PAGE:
A year later, right-to-work effects tough to measure

Available data too slight to quiet raging debate

Union workers rally outside the Capitol in Lansing, Mich., in this 2012 file photo.
Union workers rally outside the Capitol in Lansing, Mich., in this 2012 file photo.

LANSING — When Michigan became the 24th right-to-work state in December, 2012, conservatives hailed it as a sign the Rust Belt state was “open for business,” union workers decried the law as “union busting,” and labor leaders vowed to use it to quash Republican Gov. Rick Snyder’s re-election bid in 2014.

A year later, the impact of the law remains up for debate.

Conservatives say it has made Michigan more attractive to businesses, but it could take years before the economic benefits can be measured. Unions and Democratic opponents are calling it a failure because unemployment has risen. And in the gubernatorial race, it does not seem to be a central issue — at least not yet.

Michigan's right-to-work law, which bans making union membership a condition of employment, is similar to those in 23 other states. Except for Indiana, which also passed right-to-work legislation last year, laws in the other states have been in effect for years. Michigan stands apart because it is home to the United Auto Workers, the center of the U.S. auto industry, and a swing state in national elections, where worker rights can be a polarizing issue.

“Right-to-work has done none of the things its backers promised,” said Bill Black, Michigan state legal and political chief for Teamsters. “It has not brought better jobs, and it has not helped the people of Michigan.”

But people outside the state are taking another view. Tracy Bosman, a Chicago-based site selection consultant with Biggins Lacy Shapiro & Co., says Michigan’s law has generated interest in the state.

Up to 50 percent of manufacturers automatically screen out any nonright-to-work state, Ms. Bosman said, so Michigan was out of the picture for many firms looking to add production capacity.

“While it does not guarantee success for Michigan, it does at least mean the state will get a second look from firms that automatically excluded it in the past,” she said.

Union leaders say the Michigan law has not hit membership numbers since it took effect in March. Unions have sought to persuade the rank-and-file that membership has value, with targeted marketing that included meeting with members statewide.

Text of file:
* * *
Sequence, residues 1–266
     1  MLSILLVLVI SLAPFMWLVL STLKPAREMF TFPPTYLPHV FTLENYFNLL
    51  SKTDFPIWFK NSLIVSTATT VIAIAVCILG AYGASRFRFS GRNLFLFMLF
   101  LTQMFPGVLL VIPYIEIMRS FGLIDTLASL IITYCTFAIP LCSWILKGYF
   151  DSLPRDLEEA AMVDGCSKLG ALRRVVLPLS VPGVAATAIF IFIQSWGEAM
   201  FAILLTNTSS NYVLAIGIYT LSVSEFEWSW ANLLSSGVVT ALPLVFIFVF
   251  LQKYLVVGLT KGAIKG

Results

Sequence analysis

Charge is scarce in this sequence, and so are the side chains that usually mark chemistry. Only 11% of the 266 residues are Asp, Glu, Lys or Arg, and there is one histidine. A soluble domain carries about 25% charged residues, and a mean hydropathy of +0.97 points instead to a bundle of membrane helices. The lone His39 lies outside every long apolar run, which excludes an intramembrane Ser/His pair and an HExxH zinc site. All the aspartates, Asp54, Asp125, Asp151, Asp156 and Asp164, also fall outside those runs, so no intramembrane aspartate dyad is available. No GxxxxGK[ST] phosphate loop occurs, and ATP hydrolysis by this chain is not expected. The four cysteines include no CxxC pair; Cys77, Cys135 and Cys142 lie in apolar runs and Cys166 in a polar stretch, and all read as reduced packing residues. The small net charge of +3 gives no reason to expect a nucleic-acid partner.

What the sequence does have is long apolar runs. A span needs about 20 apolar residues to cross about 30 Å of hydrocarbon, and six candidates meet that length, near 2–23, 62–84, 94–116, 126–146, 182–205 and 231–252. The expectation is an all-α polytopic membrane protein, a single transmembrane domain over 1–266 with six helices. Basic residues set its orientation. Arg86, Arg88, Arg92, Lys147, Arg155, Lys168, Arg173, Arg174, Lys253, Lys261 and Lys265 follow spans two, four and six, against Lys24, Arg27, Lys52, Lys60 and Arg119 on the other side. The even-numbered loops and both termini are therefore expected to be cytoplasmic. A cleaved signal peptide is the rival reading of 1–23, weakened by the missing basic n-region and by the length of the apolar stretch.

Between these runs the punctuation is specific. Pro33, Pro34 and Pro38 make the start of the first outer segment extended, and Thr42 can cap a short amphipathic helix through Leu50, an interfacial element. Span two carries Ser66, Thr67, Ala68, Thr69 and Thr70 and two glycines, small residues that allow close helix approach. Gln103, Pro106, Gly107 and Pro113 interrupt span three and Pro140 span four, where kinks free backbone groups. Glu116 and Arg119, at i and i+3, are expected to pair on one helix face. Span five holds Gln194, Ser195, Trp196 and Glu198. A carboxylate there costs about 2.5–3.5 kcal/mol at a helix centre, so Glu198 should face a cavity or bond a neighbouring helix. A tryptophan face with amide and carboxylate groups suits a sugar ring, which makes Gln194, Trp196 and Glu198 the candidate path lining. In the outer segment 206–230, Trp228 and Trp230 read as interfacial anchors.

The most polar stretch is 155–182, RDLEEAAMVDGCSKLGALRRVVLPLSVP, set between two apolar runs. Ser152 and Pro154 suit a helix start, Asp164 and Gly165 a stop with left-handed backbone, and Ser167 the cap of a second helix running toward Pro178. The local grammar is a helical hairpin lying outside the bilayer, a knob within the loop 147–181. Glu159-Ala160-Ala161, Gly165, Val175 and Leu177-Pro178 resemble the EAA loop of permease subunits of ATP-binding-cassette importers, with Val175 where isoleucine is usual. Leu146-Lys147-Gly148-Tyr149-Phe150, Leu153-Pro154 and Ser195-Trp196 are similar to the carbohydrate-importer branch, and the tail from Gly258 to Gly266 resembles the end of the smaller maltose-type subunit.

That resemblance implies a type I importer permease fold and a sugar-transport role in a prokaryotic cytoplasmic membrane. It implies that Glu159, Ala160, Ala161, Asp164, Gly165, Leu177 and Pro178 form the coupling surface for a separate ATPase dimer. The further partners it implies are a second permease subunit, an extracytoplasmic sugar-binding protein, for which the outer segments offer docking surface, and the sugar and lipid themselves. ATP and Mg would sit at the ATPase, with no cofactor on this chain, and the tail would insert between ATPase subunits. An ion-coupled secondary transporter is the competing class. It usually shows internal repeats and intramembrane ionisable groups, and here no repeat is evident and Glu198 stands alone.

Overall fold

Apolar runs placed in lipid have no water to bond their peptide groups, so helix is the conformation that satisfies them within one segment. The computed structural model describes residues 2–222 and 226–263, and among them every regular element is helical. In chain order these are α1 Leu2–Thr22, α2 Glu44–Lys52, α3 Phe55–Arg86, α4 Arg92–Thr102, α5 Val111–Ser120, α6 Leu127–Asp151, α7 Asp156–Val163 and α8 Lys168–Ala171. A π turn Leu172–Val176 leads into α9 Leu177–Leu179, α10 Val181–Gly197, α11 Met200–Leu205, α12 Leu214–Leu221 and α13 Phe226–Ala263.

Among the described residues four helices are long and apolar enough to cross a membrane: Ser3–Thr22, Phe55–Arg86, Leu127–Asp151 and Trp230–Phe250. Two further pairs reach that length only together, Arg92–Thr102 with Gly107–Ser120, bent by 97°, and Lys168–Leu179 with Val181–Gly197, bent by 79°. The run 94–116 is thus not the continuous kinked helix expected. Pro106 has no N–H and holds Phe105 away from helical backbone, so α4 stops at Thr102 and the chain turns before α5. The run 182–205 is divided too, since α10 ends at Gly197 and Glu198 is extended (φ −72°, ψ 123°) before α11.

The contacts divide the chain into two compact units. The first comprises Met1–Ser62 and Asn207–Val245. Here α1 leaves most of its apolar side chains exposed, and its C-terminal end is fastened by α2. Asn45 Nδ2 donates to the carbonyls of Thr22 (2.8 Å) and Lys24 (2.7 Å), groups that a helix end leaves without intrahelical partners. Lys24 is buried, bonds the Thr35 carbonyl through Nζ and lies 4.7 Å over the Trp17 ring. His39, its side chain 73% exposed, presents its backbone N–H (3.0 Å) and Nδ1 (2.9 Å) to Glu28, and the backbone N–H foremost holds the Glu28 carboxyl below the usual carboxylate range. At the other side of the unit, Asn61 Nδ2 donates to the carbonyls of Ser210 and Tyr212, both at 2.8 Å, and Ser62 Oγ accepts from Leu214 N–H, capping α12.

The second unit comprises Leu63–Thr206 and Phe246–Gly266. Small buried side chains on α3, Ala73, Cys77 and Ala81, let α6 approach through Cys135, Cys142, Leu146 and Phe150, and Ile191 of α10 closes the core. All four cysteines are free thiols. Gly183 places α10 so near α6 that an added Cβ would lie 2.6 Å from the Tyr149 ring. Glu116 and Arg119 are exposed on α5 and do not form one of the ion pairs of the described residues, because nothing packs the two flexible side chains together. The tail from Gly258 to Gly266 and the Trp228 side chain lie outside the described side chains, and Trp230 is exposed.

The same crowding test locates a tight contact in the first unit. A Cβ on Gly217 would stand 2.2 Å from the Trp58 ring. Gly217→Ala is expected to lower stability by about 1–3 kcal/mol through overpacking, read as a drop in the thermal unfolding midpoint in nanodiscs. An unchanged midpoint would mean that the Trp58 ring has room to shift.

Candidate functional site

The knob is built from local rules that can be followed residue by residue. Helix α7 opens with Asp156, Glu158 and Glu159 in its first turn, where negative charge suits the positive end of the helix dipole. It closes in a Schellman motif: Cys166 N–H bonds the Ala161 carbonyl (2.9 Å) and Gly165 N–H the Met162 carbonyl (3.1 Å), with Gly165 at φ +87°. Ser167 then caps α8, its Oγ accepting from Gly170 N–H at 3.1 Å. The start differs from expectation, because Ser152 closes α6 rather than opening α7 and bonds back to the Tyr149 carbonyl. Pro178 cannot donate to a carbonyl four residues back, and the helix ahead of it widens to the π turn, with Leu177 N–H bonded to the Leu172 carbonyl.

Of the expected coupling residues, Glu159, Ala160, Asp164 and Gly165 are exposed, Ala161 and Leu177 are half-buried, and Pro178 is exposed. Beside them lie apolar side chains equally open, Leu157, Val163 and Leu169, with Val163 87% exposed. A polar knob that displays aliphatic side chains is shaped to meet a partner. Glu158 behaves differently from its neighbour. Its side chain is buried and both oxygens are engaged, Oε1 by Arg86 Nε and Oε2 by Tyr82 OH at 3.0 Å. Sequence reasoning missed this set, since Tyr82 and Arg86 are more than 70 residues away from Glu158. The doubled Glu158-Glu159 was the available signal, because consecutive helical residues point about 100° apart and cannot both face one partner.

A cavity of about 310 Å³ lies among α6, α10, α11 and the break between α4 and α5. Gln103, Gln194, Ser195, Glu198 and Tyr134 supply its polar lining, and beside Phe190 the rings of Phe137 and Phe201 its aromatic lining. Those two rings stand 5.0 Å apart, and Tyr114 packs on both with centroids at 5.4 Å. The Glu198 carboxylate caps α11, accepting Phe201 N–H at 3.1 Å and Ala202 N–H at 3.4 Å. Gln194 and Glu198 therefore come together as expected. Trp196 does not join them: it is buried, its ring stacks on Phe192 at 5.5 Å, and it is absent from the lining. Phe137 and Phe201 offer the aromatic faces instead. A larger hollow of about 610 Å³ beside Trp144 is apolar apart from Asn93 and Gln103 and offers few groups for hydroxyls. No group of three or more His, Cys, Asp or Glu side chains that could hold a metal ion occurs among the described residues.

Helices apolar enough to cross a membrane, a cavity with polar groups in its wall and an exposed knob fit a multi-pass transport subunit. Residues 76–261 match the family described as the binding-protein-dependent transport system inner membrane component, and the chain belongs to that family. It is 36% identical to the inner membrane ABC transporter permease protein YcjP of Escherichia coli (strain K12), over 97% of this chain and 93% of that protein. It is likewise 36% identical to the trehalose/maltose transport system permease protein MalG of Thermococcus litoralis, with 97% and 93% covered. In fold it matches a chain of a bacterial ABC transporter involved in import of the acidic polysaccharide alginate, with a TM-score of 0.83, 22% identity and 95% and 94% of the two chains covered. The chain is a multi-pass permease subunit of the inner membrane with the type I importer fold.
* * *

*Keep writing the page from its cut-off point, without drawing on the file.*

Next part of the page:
“The workers here understand very clearly that right to work means the right to work for less,” said the Teamsters’ Mr. Black. He said that fewer than 100 of the 50,000 workers represented by the Teamsters here have opted out.

Department of Labor figures showing union membership in Michigan for 2013 will not be available until January, and the state itself does not collect such data.

Federal data show Michigan’s union membership is well above the national average of 11.3 percent of the work force.

The 2012 data showed union members made up 16.6 percent of the work force — down from 17.5 percent in 2011, and a significant drop from 21.9 percent in 2003.

Doug Pratt, who is the director of member benefits at the Michigan Education Association, said that through “relentless hard work,” the MEA had lost only 1,500 of its 110,000 members.

Any immediate effect on Michigan’s unemployment rate is difficult to determine.

Michigan’s unemployment rate ticked up a fraction, to 9 percent in October from 8.9 percent last December. The national rate fell to 7 percent during that time, from 7.8 percent when the law was passed.

The Michigan Economic Development Corporation, a state-funded group, said new-business investment has jumped during that period, up 33 percent in 12 months since the law passed, to about $1.6 billion.

The announced investments would create 9,400 jobs, up from about 6,700 in the year before passage.

Even so, supporters of the law acknowledge too little data exist to make a case either way.

“There is no way to empirically measure the economic impact of right-to-work because the data is not available,” said Michael LaFaive, who is a director of policy at the Mackinac Center, a conservative think tank.

“It will take a good 10 years of data to do that,” Mr. LaFaive said.